Stephen Daldry’s production of J B Priestley’s An Inspector Calls has been hailed at the ‘theatrical event of its generation’. Since its debut at the National Theatre in 1992 it has won 19 major awards, including three Olivier awards and four Tony awards, and has played to more than four million theatregoers worldwide.

 What many don’t realise is that Daldry’s radical take on J B Priestley’s classic thriller began life in a production at York Theatre Royal in the autumn of 1989 – three years before its triumphant London opening.

Daldry, then a 28-year-old freelance director, was invited by Theatre Royal artistic director Derek Nicholls to stage Priestley’s repertory warhorse once more. Initially reluctant, he nevertheless answered Nicholls’ call and his production of An Inspector Calls opened on October 19, 1989 at the Theatre Royal.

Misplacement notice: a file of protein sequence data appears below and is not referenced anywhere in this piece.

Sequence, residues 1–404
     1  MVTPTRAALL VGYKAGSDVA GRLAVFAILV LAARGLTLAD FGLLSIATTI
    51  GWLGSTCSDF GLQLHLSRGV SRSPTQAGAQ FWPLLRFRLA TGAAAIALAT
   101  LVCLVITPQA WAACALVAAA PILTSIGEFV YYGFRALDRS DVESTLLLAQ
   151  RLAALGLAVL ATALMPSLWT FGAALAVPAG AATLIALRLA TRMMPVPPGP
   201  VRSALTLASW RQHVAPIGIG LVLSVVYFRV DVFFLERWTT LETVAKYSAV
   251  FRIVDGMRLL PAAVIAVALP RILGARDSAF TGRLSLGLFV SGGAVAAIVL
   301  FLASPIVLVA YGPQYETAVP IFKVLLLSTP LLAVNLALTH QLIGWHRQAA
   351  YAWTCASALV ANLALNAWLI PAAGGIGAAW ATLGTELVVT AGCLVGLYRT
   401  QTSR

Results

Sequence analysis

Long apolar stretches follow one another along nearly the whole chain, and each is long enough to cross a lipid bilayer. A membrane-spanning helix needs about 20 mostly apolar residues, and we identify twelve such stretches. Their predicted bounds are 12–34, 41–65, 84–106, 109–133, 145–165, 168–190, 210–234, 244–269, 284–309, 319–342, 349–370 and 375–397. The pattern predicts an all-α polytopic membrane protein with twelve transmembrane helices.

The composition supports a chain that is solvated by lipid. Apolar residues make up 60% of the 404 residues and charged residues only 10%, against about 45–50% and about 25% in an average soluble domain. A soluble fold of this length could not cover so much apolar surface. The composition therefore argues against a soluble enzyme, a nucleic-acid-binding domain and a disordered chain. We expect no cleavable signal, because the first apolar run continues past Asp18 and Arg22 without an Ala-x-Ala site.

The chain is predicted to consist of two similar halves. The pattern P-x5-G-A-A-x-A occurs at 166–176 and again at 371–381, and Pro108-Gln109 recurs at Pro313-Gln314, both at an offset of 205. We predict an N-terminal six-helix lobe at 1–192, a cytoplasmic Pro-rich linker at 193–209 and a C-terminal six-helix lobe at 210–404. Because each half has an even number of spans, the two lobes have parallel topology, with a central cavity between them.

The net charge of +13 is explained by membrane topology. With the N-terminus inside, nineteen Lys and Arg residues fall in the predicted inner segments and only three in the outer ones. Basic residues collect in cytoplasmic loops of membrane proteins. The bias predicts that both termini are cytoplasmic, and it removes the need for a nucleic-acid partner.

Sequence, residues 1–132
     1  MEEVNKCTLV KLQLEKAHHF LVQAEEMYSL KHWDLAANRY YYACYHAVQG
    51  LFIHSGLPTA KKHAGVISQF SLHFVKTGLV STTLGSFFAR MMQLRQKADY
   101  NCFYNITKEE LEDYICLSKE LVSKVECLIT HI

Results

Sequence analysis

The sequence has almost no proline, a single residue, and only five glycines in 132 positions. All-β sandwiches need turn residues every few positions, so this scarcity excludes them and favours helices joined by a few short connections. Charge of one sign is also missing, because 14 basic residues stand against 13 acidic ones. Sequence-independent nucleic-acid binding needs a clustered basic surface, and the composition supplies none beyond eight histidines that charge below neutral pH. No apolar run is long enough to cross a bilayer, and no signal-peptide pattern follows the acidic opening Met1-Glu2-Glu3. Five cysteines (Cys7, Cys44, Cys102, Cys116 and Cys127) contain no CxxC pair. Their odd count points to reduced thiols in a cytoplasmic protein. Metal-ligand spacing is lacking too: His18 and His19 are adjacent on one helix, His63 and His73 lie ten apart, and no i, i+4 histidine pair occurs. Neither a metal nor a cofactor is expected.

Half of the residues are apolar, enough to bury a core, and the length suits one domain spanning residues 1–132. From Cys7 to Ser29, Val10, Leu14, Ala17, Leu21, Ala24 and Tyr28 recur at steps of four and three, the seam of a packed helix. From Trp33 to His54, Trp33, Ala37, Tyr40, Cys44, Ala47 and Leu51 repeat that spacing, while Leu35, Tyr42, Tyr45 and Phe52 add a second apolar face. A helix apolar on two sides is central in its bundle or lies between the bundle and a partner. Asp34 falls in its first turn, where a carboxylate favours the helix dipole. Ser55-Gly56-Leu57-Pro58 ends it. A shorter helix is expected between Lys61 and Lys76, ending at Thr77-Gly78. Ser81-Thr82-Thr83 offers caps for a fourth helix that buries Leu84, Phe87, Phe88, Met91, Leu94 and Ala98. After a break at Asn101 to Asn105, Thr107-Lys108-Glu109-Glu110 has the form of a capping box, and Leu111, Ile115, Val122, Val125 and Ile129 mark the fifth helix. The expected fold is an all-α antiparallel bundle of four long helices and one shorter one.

The story finds the mysterious Inspector Goole calling unexpectedly one fateful night in 1912 at the house of prosperous industrialist Arthur Birling. The family’s peaceful family dinner party is shattered by his investigations into the death of a young factory girl Eva Smith.

Daldry’s research led him to draw inspiration from the first production in 1945 by Leningrad Company in Moscow. At the core of the play was Priestley’s search for a new society, a theme mined in productions in Russia and war-torn Germany.

Without losing the thriller element he wanted to look at the play’s relevance to post-war Britain and a society divided by wealth and class, and the question of social responsibility.

An Inspector Calls is at York Theatre Royal from 14 to 22 September.

To book call 01904 623568

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